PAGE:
In November 2015,  Amanda Blackburn, wife and new mother, (her son wasn’t yet one years old and she was pregnant with their second child) was simply in the midst of her daily routines when an intruder broke into the home. Her husband of a couple of years, came home from the gym to find his beloved soulmate dying. She had been sexually assaulted and shot. Somehow, in the midst of their everyday tasks, in the refuge of their home, the life they knew was shattered.

I know this scenario is not exceptional. Sadly, the random taking of a life happens everyday, all over the world. People lose children, spouses, parents, friends unexpectedly everyday. Sometimes, the events are preventable. Sometimes they are not. Yet, because the we cannot fathom the pain endured by those affected, and because we know that we could easily find ourselves in their place one day, the gut reaction is to find reason.  We grasp for control. We tell ourselves that if we can explain the incident away, then we can remove ourselves from “that place” of vulnerability.

As I read comments to the articles on Amanda’s murder, I noticed a thread in one of the discussions. Perhaps this young vibrant couple should have done their research before relocating from South Carolina to Indianapolis? Unfortunately, sin happens everywhere. And when you are a follower of Christ, you cannot go anywhere that will assure you of safety. And that’s the rub. Jesus never made safety a prerequisite for following him.

The Blackburns knew that: which is why they moved to Indianapolis. The Blackburns left their beloved church in the south to follow God’s leading to begin a new church in Indianapolis. According to the church’s website, “Davey and Amanda Blackburn moved to Indianapolis in January of 2012 with a dream and a calling to start a life-giving church that would connect with people who normally wouldn’t connect with church. (http://resonateindianapolis.com/our-story/).”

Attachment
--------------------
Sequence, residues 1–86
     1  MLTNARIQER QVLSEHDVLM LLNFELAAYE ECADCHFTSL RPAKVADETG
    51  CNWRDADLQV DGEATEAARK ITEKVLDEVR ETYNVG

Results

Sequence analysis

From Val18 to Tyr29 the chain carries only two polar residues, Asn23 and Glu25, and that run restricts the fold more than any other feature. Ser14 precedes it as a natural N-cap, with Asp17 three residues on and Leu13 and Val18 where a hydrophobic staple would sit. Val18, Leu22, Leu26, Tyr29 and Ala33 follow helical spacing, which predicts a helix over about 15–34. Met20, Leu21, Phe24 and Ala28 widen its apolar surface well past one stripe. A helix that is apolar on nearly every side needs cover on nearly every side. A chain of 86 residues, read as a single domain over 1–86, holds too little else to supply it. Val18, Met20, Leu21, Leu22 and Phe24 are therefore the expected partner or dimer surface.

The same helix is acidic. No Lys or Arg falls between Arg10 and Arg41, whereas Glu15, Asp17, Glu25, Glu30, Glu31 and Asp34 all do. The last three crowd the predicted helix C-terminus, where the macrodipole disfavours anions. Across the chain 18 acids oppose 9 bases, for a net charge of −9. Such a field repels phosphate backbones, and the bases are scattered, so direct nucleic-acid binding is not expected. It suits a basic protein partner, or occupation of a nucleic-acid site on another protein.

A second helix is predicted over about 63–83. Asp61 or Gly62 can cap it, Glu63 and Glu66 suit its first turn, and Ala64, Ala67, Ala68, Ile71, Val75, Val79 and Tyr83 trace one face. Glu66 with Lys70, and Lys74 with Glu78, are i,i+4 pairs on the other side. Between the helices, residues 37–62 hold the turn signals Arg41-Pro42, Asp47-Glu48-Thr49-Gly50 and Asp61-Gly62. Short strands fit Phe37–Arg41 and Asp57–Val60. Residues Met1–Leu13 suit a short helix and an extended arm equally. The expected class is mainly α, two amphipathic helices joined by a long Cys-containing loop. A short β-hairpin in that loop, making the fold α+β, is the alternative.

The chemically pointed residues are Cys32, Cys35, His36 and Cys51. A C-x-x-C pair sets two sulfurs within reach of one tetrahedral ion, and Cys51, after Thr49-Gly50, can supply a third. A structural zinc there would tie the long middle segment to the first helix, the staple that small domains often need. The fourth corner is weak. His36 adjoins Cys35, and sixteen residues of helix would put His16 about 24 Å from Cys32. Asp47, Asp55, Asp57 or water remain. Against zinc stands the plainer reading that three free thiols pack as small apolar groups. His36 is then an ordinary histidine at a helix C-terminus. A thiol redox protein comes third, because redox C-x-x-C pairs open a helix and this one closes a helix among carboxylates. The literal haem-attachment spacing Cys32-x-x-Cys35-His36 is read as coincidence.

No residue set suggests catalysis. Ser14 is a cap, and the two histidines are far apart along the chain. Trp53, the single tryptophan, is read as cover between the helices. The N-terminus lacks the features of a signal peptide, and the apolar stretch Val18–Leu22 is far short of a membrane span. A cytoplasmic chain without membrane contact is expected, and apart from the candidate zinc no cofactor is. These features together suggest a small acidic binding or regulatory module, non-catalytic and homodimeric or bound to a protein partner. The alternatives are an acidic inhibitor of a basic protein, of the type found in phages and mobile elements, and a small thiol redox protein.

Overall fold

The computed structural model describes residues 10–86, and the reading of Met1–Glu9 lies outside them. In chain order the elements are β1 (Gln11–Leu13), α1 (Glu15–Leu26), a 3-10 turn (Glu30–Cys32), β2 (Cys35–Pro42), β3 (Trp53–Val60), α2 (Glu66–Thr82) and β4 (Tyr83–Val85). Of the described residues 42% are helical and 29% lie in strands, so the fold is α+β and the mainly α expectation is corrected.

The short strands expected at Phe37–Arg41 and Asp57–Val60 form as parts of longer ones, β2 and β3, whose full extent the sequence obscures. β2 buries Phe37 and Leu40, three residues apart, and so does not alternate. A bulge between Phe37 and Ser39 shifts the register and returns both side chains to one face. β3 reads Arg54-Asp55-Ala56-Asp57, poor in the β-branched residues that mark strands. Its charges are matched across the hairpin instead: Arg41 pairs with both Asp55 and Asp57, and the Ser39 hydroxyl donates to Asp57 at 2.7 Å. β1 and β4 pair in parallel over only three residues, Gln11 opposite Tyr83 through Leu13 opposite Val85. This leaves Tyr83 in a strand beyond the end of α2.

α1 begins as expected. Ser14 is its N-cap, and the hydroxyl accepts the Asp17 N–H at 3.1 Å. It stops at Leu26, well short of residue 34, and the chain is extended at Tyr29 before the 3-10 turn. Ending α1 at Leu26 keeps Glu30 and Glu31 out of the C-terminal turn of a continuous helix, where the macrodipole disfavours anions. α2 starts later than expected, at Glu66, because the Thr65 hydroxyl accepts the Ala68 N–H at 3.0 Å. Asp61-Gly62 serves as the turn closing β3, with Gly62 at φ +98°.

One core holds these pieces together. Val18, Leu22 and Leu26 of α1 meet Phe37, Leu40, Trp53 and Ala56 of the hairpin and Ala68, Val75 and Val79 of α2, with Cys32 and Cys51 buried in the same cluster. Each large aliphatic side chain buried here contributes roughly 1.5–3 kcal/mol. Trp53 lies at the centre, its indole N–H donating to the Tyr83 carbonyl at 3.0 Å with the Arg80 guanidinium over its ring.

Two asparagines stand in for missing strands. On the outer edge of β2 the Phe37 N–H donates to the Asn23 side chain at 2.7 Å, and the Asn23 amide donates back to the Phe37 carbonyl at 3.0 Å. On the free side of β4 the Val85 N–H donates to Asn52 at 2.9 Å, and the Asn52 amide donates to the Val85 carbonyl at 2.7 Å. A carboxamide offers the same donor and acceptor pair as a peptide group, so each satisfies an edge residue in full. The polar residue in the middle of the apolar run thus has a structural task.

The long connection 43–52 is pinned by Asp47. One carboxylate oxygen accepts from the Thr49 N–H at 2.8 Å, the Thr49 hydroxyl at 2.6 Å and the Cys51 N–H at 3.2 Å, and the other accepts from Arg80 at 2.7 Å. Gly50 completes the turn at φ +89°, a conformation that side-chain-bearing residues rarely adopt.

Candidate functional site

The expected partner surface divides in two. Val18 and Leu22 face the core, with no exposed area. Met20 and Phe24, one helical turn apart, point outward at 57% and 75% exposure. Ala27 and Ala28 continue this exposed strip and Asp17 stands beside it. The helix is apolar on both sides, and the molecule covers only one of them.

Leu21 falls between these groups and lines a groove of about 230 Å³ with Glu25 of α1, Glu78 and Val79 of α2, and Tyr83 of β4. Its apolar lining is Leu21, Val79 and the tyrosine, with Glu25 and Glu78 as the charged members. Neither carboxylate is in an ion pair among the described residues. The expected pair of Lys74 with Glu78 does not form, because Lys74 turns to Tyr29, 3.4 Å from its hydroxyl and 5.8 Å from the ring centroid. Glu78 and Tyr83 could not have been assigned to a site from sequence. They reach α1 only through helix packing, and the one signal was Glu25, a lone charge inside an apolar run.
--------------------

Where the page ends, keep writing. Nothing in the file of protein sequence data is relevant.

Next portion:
At a conference I attended, Rev. Raleigh Washington shared about his personal experience regarding the costs of following Christ. He and his family moved to Chicago to plant a church. The neighborhood to which they moved was one depicted by poverty and oppression. Violence, unfortunately, occurred on a daily basis. One day, his son was physically assaulted by another student as he got off the school bus. Friends of the family questioned Raleigh and his decision to move to a “dangerous” place. His response is etched in my heart and my mind. “My friends,” he said, “the most dangerous place to live is outside the will of God.”

That truth is uncomfortable. It’s no wonder Jonah jumped out of the boat. He feared going to a dangerous place. Which, by human accounts, it was. Have you researched the Ninevites? But this life isn’t about us. It’s about God and a bigger picture that involves us.

Several years ago, my husband was offered an opportunity to work in Florida. It sounded like a fantastic opportunity. He even would have traveled to the Bahamas occasionally. Our child was a toddler. What could possibly be wrong with this offer? We were ready to jump on it. But first, we committed to praying and seeking God’s blessing on this new move. And you know what? It didn’t happen. So we prayed some more. And we still didn’t sense God’s blessing. We had to acknowledge that, for us, Sarasota was a dangerous place to live. Not because of criminal activity. But because it was outside of God’s will.

Not all dangerous places look the same

So, let’s pray for the Blackburns.  Their lives have been changed forever.  Her family and friends are experiencing brokenness in its most intense Earthly form. But evil does not have the last word.  Amanda may not be here on Earth.  The expectations her husband held for how they would serve God together may have changed, but God’s revelation and purposes have not. This is the place to which they were called to live.  And because of that, it is anything but a dangerous place.

“Trust in the Lord  with all your heart. Lean not on your own understanding. In all your ways acknowledge Him and He will direct your paths.”  (proverbs 3:5-6)

 

 

 

Overcoming Restlessness on Those Long Detours: Learning From Mary

Several years ago, my preschool son drew a picture of Mary and Joseph. Not just any picture, mind you. Usually, the manger scene as represented through the eyes of a child wielding a crayon finds its place on a paper canvas.  But Eli’s mind captured a different scene in the narrative. He captured what he believed to be Mary’s perspective on a long journey.